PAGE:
Theodore Payne California Native Plant Database




Grasses

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The following grasses can tolerate occasional foot traffic but should not be considered as a replacement for areas that receive regular or heavy traffic. There is no substitute for traditional sod when it comes to heavy use areas.
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GRASSES

Bouteloua gracilis Blue Grama Grass

6-12” H x 12” W spreads by rhizomes (warm-season)*
This drought-tolerant warm-season grass tolerates full sun to light shade and moderate foot traffic. Stays low (around 6 inches high) but can be mowed once a month during the growing season to keep it manicured. If left in its natural state, it creates an attractive meadow effect with brush-like seedheads that rise above the foliage in early summer. Spreads slowly to form a sod, making it a good choice for large areas receiving fairly regular use. Requires water once every one to two weeks once established. Prefers good drainage.

Danthonia californica var. californica California Oatgrass

3-6” H (seedheads up to 18”) x 12” W (cool-season)
This naturally low-growing grass tolerates moderate foot traffic. Requires once or twice a week summer water inland, but is very drought-tolerant on the coast. Tolerates some shade and a wide range of soil types.

Festuca idahoensis Idaho Fescue

12-24” H x 12” W (cool-season)
This clumping bunchgrass looks good in masses. It’s an uneven surface for walking, but has a lawn-like appearance. Several cultivars are various shades of blue-green. Especially attractive are ‘Stony Creek’, ‘Muse Meadow’, and ‘Tomales Bay’. ‘Stony Creek’ can handle full sun but, like the others, does best with some afternoon shade. Once a week water once established. Prefers good drainage.

Festuca rubra Creeping Red Fescue

12” H x spreads by rhizomes (cool & warm season)
This shade tolerant native grass has a fine texture and a graceful natural habit. It begins by forming clumps, and then spreads by rhizomes. Some cultivars, such as ‘Patrick’s Point’, are blue-green. Looks best if given some shade and once or twice a week water in summer. Tolerates light traffic and can be mowed. Prefers good drainage.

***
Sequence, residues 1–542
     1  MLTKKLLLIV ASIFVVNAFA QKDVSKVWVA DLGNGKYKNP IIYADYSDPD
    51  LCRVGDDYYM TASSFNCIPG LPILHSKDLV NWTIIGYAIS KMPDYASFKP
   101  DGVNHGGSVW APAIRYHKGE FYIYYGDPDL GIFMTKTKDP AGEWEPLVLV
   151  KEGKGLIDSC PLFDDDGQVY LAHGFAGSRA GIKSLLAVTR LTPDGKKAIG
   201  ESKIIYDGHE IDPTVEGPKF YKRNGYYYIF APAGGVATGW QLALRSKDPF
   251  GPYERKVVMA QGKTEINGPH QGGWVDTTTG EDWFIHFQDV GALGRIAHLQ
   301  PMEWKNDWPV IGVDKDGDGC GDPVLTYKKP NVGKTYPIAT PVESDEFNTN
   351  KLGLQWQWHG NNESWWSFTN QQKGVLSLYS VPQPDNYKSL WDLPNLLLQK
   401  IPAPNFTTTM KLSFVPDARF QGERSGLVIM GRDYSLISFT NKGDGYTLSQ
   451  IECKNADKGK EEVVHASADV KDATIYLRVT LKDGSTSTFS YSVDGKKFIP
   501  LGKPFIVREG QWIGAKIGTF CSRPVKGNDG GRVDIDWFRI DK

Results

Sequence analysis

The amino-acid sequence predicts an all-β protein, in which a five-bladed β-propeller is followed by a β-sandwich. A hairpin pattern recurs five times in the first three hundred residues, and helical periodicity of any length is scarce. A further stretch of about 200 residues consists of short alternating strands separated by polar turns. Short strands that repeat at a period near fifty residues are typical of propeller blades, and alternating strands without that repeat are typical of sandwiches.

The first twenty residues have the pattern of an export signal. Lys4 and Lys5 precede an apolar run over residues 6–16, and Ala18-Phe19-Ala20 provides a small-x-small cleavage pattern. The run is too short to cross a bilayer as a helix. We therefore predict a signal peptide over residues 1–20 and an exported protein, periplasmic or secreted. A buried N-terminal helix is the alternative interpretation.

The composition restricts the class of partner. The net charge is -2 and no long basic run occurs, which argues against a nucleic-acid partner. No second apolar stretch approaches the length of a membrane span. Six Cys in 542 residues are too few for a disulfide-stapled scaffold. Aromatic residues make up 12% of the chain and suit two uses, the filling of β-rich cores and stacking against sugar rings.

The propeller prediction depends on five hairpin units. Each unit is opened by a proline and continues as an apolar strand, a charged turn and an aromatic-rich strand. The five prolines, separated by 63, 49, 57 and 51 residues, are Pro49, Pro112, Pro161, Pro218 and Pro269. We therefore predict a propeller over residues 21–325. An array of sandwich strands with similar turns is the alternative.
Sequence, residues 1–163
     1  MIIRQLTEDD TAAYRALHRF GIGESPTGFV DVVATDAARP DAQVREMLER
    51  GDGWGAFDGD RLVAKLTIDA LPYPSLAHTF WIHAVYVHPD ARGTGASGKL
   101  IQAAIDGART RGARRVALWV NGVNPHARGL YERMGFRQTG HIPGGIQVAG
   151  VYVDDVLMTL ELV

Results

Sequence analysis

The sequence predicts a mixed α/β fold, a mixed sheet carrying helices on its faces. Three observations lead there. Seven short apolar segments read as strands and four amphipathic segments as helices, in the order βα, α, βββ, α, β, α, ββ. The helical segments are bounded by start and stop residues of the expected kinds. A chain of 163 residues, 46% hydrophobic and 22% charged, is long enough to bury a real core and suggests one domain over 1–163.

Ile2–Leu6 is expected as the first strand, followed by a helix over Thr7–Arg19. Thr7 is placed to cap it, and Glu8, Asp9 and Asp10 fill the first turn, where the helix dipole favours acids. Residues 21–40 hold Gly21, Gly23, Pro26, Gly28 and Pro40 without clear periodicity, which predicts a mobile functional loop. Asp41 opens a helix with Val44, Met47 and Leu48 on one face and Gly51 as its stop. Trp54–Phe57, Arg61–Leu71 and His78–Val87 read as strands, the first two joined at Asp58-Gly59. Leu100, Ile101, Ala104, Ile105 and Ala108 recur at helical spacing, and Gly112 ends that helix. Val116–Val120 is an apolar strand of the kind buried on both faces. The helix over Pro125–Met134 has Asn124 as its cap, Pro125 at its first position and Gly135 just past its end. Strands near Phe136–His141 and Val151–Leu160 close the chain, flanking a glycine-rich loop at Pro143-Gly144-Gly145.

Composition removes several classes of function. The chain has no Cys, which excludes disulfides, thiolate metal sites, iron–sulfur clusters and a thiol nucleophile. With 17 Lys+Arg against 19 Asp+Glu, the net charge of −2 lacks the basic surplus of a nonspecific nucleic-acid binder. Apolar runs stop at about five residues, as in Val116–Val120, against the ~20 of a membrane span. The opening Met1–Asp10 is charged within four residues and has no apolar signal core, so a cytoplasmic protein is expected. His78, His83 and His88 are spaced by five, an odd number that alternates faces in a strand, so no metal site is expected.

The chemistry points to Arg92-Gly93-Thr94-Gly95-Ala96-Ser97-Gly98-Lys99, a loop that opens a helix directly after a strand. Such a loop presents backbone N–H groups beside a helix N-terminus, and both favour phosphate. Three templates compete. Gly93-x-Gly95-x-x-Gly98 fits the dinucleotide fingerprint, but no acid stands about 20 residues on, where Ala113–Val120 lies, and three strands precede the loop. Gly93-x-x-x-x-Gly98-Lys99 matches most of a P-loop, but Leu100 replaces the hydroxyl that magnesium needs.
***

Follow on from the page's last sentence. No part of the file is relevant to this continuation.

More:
SEDGES

Carexes (or sedges) are grass-like plants, some of which have a lawn-like appearance. They require more water than grasses, but they are evergreen and generally more shade tolerant.

Carex praegracilis California Field Sedge

6-8 inches H x spreading
Closely related to C. pansa, this naturally low-growing sedge spreads to form a solid evergreen lawn alternative that tolerates mild foot traffic.

Carex pansa Dune Sedge

8 inches H x 3’ W
Low-growing and evergreen, this sedge tolerates moderate foot traffic and a range of soil types.

Carex tumulicola Berkeley Sedge

10 inches H x 3’ W
An attractive bright green sedge with long arching leaves. Forms 3’ wide clumps. Has a lush meadow-like look. Tolerates some sun as well as deep shade and requires once or twice a week water.


ORNAMENTAL GRASSES

The following are larger bunchgrasses that can be used as accents adjacent to lawns or among drought tolerant native plants.

Aristida purpurea Purple Three-Awn

2’ H x 6-12 inches W ((warm-season)
Beautiful small bunchgrass with purple seedheads that float above the foliage. Even dormant, this is an attractive plant, especially in masses. Very tolerant of heat, drought, and a range of soil types.

Bouteloua curtipendula Side Oats Grama

1-3’ H x 1-2’ W spreads by rhizomes (warm-season)
An attractive drought-tolerant warm-season grass that does well in full sun inland with once a week water. It can survive on less water, but will go dormant earlier. Blooms in late spring to summer. Prefers good drainage.

Festuca californica California Fescue

1-2’ H x 2-3’ W (warm & cool season)
A medium-size bunchgrass for areas that can be watered once or twice a week. Best with full sun on coast and some shade inland. Foliage of California fescue reaches 12-18 inches high with seedheads reaching 3 to 4 feet in spring and summer. Tolerates a wide range of soil types.

Leymus condensatus ‘Canyon Prince’ Giant Wild Rye

4’ H x 3’ W spreads by rhizomes (warm)
A lovely blue-green ornamental grass with stiff upright leaves and showy seedheads in early summer. Spreads slowly by rhizomes. Can tolerate water or drought as well as heavy clay soils.

Muhlenbergia rigens Deer Grass

3’ H x 3’ W (warm & cool season)
A handsome mounding bunchgrass that tolerates both water and drought. Large green clumps send up 5-6 foot tall seedheads that make this grass a striking accent. Tolerates clay soils.

Nassella pulchra Purple Needlegrass

1-3’ H x 1’ W (cool-season)
This delicate ornamental bunchgrass is also our state grass (yes we have a state grass). Looks best in masses. Foliage is around 1 foot high with purplish seedheads up to 3 feet. Tolerant of drought and a range of soil types. Equally attractive are Nassella lepida (Foothill Needlegrass) and N. cernua (Nodding Needlegrass).

Sporobolus airoides Alkali Sacaton

3-4’ H x 2’ W (warm-season)
Upright ornamental bunchgrass with showy seedheads in summer that last for many months. Very drought-tolerant and adaptable to many soil types, including clays and salty soils.


Also try: Andropogon glomeratus, Bothriocloa barbinodis, Deschampsia cespitosa ssp. holciformis (Tufted hair grass), Glyceria grandis, Melica imperfecta


NOTE: The season (warm/cool) refers to the growing season, when the plant will be greenest and seeds will germinate.
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